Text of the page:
A few thoughts:
• A critic effusively praising BCS (or BB) is nothing new, but you have to love Vince Gilligan’s and Peter Gould’s endless attention to detail in episodes, paying off the devotion of the shows’ viewers. When Kim Wexler and her Florida boyfriend are hosting a cookout, “Escape: The Pina Colada Song,” is playing, a callback to a Season 1 or 2 episode where Jimmy fibs to a school principal that Rupert Holmes, the song’s writer and singer, attended that school (in Albuquerque; yeah, right). Or later, when Kim pulls up to the parking lot entry at the court house and the booth once occupied by Mike Ehrmentraut is now empty, as the lot is now automated. And he’s, of course, dead.
• The phone call between Gene and Kim tells you everything. This is your break-good-or-break-bad moment, your final shot at redemption. Kim, as we almost always assumed she would, falls onto the side of the angels. She chooses remorse, penitence and atonement. Jimmy, with his final shot at salvation, blows it. In fact, he amps up his skulduggery and mischief. Then again, his life is so empty at this point, and he knows there’s no road back with Kim, so he’s at that stage where Bill Murray was in Groundhog Day where he figured out new ways to kill himself each day. Jimmy needs a stiffer drink, metaphorically, and he won’t stop until it wrecks him.
• Also, the phone call is another example of the wizardry taking place in the writers’ room. We see it from outside the phone booth last week, only seeing Gene’s reaction but not hearing the conversation. There week we’re in on it. Same event, different perspective. And it explains why Gene did what he did in the final 15 minutes of last week’s episode.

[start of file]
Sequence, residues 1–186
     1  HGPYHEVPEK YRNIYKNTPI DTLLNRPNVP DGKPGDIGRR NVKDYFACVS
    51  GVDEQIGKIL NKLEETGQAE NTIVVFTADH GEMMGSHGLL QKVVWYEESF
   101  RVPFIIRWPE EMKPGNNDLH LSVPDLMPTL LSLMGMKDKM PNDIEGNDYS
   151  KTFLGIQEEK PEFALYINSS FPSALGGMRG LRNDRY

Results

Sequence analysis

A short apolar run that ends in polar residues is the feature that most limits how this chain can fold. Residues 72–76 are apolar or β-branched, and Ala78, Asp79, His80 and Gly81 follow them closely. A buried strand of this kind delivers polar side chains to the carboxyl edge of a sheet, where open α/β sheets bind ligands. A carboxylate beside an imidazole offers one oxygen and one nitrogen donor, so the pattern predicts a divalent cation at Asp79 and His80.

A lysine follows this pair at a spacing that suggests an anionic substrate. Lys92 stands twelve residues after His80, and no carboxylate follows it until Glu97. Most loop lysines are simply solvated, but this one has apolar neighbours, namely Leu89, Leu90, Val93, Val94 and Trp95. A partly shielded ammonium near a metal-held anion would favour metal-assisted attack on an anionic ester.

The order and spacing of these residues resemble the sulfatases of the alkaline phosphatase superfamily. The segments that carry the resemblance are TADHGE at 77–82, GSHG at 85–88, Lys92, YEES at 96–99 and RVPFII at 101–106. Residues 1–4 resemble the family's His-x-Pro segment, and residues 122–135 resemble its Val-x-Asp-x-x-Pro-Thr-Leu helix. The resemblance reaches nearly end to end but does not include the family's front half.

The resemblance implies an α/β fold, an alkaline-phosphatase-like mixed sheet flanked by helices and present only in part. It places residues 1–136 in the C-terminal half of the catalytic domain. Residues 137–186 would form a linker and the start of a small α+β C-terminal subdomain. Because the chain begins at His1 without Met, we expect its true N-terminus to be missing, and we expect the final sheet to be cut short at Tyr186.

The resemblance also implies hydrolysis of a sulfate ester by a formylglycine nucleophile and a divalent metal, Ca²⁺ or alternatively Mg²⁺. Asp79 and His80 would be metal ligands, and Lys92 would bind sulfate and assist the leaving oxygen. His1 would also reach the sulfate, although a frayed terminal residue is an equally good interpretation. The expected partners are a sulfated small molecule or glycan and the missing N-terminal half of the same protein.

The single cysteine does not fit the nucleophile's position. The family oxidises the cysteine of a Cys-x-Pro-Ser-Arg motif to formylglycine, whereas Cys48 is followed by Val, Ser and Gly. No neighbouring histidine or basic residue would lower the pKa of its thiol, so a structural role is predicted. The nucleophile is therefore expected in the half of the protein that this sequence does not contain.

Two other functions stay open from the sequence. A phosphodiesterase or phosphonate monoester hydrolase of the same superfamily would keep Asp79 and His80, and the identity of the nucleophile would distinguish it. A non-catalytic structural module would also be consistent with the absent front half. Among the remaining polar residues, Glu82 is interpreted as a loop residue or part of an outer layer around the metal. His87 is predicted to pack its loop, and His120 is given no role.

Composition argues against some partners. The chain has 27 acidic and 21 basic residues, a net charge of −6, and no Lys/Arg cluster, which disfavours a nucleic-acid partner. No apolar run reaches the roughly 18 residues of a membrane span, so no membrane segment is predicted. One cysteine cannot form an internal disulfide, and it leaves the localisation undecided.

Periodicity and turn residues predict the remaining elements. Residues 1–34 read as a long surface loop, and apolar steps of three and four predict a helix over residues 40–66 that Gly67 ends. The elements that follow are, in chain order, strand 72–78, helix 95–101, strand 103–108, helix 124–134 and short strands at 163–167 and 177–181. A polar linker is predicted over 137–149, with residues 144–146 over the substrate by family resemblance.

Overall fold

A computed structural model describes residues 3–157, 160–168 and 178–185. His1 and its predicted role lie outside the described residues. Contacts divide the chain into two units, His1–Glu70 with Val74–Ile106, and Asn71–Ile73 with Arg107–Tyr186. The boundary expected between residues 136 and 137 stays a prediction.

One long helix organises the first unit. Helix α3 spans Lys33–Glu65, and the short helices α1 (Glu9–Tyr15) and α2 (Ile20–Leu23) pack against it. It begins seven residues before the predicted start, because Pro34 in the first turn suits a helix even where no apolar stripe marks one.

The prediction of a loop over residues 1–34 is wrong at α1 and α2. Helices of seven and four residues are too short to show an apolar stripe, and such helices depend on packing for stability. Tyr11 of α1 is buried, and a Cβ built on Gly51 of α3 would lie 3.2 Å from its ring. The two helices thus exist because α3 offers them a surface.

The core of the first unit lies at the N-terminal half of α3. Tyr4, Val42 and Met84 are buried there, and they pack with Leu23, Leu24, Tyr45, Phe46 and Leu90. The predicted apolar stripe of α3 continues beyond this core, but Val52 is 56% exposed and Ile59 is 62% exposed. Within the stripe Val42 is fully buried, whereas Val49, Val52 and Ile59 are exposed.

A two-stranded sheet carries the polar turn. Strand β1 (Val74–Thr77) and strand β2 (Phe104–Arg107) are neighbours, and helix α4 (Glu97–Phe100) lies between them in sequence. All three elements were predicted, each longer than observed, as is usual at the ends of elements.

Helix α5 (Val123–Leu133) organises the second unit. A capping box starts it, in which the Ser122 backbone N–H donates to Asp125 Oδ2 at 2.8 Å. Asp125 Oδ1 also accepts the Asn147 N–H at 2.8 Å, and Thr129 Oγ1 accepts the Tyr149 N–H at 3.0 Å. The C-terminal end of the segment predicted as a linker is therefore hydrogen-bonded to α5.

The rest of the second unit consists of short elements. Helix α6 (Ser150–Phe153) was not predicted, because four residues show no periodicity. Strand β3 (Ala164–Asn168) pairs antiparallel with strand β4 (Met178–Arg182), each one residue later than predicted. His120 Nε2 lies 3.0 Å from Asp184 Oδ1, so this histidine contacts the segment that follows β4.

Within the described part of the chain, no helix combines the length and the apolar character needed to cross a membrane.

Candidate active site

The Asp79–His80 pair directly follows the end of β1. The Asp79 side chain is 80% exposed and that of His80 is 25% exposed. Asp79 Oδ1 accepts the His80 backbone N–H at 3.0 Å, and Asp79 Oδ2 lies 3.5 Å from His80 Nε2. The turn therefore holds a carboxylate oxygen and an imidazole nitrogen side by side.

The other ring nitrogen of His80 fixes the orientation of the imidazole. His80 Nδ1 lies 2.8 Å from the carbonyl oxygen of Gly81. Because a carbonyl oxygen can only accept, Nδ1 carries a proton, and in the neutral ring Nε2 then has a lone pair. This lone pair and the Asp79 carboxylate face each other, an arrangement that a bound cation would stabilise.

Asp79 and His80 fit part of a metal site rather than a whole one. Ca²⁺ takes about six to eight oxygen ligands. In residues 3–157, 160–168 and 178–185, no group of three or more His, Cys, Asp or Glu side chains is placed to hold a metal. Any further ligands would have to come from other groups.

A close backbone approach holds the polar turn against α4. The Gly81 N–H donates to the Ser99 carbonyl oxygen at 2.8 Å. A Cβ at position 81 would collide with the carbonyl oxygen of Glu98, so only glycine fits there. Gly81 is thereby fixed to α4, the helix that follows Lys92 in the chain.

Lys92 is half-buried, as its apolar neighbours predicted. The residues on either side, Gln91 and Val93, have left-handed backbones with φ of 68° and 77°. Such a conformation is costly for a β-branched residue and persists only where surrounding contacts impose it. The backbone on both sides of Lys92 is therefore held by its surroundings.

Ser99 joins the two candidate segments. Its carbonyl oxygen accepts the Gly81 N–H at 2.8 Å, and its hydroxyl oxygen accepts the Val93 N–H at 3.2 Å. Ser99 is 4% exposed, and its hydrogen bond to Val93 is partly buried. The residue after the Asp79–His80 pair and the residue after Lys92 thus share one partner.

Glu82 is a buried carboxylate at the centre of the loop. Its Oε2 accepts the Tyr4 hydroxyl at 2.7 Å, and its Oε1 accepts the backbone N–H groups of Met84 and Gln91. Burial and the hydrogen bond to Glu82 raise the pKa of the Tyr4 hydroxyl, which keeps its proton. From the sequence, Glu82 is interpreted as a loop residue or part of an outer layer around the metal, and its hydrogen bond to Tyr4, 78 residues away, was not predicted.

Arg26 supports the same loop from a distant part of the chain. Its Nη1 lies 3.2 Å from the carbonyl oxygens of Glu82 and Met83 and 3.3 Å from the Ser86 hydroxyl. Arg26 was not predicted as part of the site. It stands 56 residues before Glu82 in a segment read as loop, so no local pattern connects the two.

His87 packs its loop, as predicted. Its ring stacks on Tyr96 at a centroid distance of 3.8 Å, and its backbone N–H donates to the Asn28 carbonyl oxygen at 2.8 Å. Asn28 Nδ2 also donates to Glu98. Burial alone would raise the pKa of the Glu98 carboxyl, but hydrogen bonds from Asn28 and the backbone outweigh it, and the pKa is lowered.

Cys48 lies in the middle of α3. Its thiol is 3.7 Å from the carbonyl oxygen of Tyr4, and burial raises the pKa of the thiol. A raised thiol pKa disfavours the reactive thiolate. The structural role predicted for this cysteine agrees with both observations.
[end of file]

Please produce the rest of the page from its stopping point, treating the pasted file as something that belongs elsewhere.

• A little symmetry here. The final episode of Breaking Bad opened with Walt driving back to Albuquerque. Seems as if the final episode of Better Call Saul will open with Jimmy fleeing Omaha, perhaps also headed back to New Mexico’s largest city (and most centrally located).
Also, when we first met Kim six seasons ago, she’s standing in an underground parking lot of a law firm, taking a drag on a smoke, and she shares it with Jimmy. In her final scene last night (will she show up next week? Anyone’s guess), she leaves Saul Goodman’s office (another law firm), having just signed the divorce papers, and as it’s raining buckets, stops for a smoke under the awning. A stranger, Jesse Pinkman, bums a smoke off her. A short conversation ensues. She’s at the end of her story arc with Jimmy, the marriage is over. He’s at the beginning; he hasn’t even started cooking with his old chemistry teacher yet. Whoever conjured that scene deserves a bonus. The circle of life. An inspired idea. Jesse: “Is [Saul] a good guy?” Kim: “When I knew him, he was.”
Kim (Rhea Seehorn) may appear in the series finale, but if that’s her walk-off moment, you cannot improve upon it.
In Talking Saul last night, host Chris Hardwick asked Vince Gilligan to preview the series finale in three words. Gilligan replied, “Buy some Depends.”
Wow. It’s difficult to see how the final episode will be a banger. After all, who’s left on the villain side (I mean, except Saul himself)? So as an audience we’re completely in the dark as to how this series, really the entire Breaking Bad/Better Call Saul universe, will end. And that’s a credit to the show’s creators.
• As for Mr. Trump, what have we said from the beginning? Anything he accuses anyone else of, he’s doing himself. Anything he suggests happen to someone else is something that will and should happen to him. so, in short, “Lock him up.”